What sort of policy do I have?
The type of policy you have will determine your options should you wish to get out of the plan, for example, if it is a pension you may be able to transfer out to another plan provider or another non-with-profits fund held with the same company. If on the other hand, it is an endowment rather than surrendering it you might be able to sell it on the second-hand endowment market for a better price.
Does the Policy still meet my needs?
This is a difficult one if your initial aim was for a great investment then possibly not. However, if you took this plan out because you had a target such as repaying your mortgage by a set date and it's still on track you may feel that it is fine. If you do have an endowment covering your mortgage however I would encourage every reader to ask a Financial Adviser (Preferably one not tied to a product provider) to check firstly the likelihood the plan will hit its target and secondly if it would be cheaper for you to switch to a repayment mortgage, taking in to account the cost of replacement insurances etc. (make sure the IFA is qualified to give mortgage advice as well as investment advice – I am in case you're wondering)
The benefits or guarantees of your policy
As discussed earlier you have to ask yourself, are the guarantees and benefits good enough to accept poor performance. Or equally are these guarantees and benefits good enough to accept lower performance than you expected.
When does the policy end?
Nearer the end of a policy, it becomes easier to see what the return is likely to be. So your decision should be easier. If you surrender a fixed term policy in the early years you may get back much less than you have invested.
What can you expect if you keep your policy until maturity?
The provider can offer you a projection to maturity supposing the fund achieves certain rates of return each year. The likelihood of the fund achieving those returns varies greatly from fund to fund and comes down to the underlying asset mix, you will usually find details on the mix of your fund on the provider's website. A Financial Adviser will be able to guide you on this matter if you are not sure yourself.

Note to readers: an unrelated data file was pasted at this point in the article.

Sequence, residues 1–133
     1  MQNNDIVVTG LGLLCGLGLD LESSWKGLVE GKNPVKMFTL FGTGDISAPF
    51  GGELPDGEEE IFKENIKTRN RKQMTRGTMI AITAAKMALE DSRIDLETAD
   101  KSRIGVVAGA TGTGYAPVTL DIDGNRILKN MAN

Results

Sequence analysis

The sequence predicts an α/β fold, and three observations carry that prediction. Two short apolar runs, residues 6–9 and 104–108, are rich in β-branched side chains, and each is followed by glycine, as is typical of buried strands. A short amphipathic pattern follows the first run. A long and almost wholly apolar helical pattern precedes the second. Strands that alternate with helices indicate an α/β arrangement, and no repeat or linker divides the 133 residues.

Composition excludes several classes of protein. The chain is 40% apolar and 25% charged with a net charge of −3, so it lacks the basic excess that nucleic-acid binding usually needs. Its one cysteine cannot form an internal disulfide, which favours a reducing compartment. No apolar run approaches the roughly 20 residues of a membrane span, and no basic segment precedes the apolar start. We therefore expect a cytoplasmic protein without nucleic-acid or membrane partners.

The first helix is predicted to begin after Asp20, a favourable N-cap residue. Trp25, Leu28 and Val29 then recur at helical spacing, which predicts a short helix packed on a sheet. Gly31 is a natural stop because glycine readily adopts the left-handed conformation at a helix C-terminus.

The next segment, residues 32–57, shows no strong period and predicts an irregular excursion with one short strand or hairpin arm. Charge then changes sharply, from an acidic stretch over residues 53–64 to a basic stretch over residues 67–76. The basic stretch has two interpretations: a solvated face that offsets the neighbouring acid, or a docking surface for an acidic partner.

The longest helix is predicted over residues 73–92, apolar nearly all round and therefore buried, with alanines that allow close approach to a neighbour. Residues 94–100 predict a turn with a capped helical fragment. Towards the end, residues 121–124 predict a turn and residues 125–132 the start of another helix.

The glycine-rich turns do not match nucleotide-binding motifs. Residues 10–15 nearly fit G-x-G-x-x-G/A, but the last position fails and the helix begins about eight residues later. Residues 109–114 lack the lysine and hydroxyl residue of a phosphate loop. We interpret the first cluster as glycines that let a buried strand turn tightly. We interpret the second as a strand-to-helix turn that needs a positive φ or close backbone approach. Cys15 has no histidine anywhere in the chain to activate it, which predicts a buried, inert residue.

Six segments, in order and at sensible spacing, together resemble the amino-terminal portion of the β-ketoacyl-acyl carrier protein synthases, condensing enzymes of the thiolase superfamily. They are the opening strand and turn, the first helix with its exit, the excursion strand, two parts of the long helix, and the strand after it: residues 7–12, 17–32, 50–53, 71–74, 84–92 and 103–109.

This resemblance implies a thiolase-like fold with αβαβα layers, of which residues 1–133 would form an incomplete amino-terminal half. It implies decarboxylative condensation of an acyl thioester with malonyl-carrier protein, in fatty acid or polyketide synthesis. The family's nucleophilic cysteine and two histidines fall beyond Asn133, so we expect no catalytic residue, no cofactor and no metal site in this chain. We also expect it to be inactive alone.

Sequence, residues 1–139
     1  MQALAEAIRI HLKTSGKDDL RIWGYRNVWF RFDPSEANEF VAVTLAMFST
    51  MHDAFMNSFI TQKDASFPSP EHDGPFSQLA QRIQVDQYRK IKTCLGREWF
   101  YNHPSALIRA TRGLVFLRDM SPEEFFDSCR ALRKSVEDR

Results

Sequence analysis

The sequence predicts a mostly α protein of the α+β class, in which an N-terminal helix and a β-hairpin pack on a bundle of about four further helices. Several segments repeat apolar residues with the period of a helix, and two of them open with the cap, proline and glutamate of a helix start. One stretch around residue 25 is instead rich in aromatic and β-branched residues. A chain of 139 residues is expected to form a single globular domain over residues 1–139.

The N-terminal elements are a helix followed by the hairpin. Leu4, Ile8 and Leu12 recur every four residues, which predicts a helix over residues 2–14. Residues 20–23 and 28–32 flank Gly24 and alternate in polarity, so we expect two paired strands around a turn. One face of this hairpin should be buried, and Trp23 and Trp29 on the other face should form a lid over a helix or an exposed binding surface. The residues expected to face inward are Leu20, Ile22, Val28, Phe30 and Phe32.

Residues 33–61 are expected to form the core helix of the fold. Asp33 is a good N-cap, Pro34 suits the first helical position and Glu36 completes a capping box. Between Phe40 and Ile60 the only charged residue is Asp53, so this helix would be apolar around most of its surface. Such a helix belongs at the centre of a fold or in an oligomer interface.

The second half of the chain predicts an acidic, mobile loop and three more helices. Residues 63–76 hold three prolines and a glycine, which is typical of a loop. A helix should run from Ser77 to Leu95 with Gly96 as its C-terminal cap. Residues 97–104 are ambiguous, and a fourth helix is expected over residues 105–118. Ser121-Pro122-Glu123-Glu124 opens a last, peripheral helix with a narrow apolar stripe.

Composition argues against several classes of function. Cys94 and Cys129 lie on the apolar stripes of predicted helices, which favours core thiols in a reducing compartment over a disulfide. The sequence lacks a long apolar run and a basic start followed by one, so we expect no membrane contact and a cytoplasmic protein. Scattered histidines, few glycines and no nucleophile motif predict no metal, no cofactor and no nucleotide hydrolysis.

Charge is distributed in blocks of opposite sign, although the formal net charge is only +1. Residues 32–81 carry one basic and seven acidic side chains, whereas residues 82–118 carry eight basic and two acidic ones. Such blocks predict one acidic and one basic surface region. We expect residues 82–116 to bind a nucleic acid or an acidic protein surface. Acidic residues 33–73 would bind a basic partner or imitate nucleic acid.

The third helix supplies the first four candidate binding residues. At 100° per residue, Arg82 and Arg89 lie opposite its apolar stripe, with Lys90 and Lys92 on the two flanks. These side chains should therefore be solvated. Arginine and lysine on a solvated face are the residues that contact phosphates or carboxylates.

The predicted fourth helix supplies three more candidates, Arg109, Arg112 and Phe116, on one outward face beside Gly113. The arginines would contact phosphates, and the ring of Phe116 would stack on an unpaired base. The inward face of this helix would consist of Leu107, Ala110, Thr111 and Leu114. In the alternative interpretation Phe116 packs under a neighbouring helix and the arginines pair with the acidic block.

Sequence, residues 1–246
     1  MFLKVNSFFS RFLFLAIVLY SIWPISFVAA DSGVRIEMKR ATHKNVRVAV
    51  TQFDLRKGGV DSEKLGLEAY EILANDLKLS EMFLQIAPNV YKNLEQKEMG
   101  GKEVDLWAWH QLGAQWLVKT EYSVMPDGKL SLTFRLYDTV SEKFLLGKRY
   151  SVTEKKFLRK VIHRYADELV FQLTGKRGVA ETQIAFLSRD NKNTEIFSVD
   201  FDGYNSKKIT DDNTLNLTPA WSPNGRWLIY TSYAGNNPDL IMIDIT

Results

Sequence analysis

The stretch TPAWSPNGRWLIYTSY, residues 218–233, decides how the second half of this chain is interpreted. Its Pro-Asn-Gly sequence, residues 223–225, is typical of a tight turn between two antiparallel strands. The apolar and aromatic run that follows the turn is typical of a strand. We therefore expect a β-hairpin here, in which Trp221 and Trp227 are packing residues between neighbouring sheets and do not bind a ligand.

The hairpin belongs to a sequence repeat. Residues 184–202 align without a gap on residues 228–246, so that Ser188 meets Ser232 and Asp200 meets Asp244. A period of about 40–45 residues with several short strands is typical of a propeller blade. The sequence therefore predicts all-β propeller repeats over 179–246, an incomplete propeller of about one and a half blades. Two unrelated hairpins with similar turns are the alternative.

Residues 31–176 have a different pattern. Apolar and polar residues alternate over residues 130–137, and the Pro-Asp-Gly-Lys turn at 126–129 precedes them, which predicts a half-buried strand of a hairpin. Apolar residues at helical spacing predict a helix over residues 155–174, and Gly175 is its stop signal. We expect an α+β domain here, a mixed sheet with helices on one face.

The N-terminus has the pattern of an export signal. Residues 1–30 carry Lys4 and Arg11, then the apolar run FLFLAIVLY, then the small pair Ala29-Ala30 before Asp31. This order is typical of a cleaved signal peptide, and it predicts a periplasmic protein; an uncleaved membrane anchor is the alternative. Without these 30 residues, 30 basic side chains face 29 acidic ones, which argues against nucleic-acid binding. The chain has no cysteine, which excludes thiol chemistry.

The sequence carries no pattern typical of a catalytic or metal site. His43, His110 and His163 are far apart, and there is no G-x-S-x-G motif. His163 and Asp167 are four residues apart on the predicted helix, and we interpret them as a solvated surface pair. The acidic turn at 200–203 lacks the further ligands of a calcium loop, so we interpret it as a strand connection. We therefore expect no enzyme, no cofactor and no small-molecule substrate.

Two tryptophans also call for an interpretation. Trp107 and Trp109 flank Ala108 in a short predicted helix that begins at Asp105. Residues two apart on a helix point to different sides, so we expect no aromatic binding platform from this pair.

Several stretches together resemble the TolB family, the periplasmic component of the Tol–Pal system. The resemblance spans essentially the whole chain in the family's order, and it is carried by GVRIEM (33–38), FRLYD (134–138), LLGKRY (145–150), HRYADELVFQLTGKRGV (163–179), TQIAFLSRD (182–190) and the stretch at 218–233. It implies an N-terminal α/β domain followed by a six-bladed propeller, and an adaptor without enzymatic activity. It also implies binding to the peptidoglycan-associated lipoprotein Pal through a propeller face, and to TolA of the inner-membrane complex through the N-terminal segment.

What would you get if you end your policy early?
There are three ways to end your policy early:
- Making the Plan Paid Up. This means you simply stop paying into the plan but leave it invested with the current fund until maturity is due. If you decide to do this you should ask the life office for a "paid-up projection" as they may still be deducting annual charges, depending on the plan features, so your plan's value could be going down.
- Cash in the policy, you may be charged a penalty by some funds for doing this so ask for both the current value and the surrender value to work out what the penalty is.
- Sell the plan on if you have a with-profits endowment you may be able to sell it on the second-hand market.
If you end your policy early it may have life cover attached, if you still need the life cover ensure sure you replace it before you surrender.
Can you cash the plan in without a penalty?
Some plans have certain dates you can cash in without any penalty, often in year ten and every five years thereafter. Ask your life office if you have any "MVR-Free Dates"
Transfer your policy to another insurer
You may be able to do this if you can find a provider whose plan has lower charges or a better asset mix. This is mainly an option with pension plans.
Switching to a unit-linked fund
Some providers will simply let you switch into a more standard type of investment if you are going to do this consider whether they are the best provider of the new investment.
As you can see deciding whether to surrender is a minefield, further complicated by the fact that the provider of the with-profits bond is most likely not allowed to give you any advice on what you should do but rather just answer factual questions.
The above should give you a pretty good idea of the factors you should consider when deciding what to do with your investment. Most Financial Advisers can offer you an analysis of your investment and advice on what you should do. I would always recommend that you take advice from a suitably qualified person, however, if the policy is mortgage-related you should seek an adviser who is qualified and authorised to advise on both mortgages and investments. I am authorised for both and will be happy to help if you wish.
Your home may be repossessed if you do not keep up repayments on your mortgage.
Typically for mortgage work, we charge a research fee of £200 and receive a commission from the lender.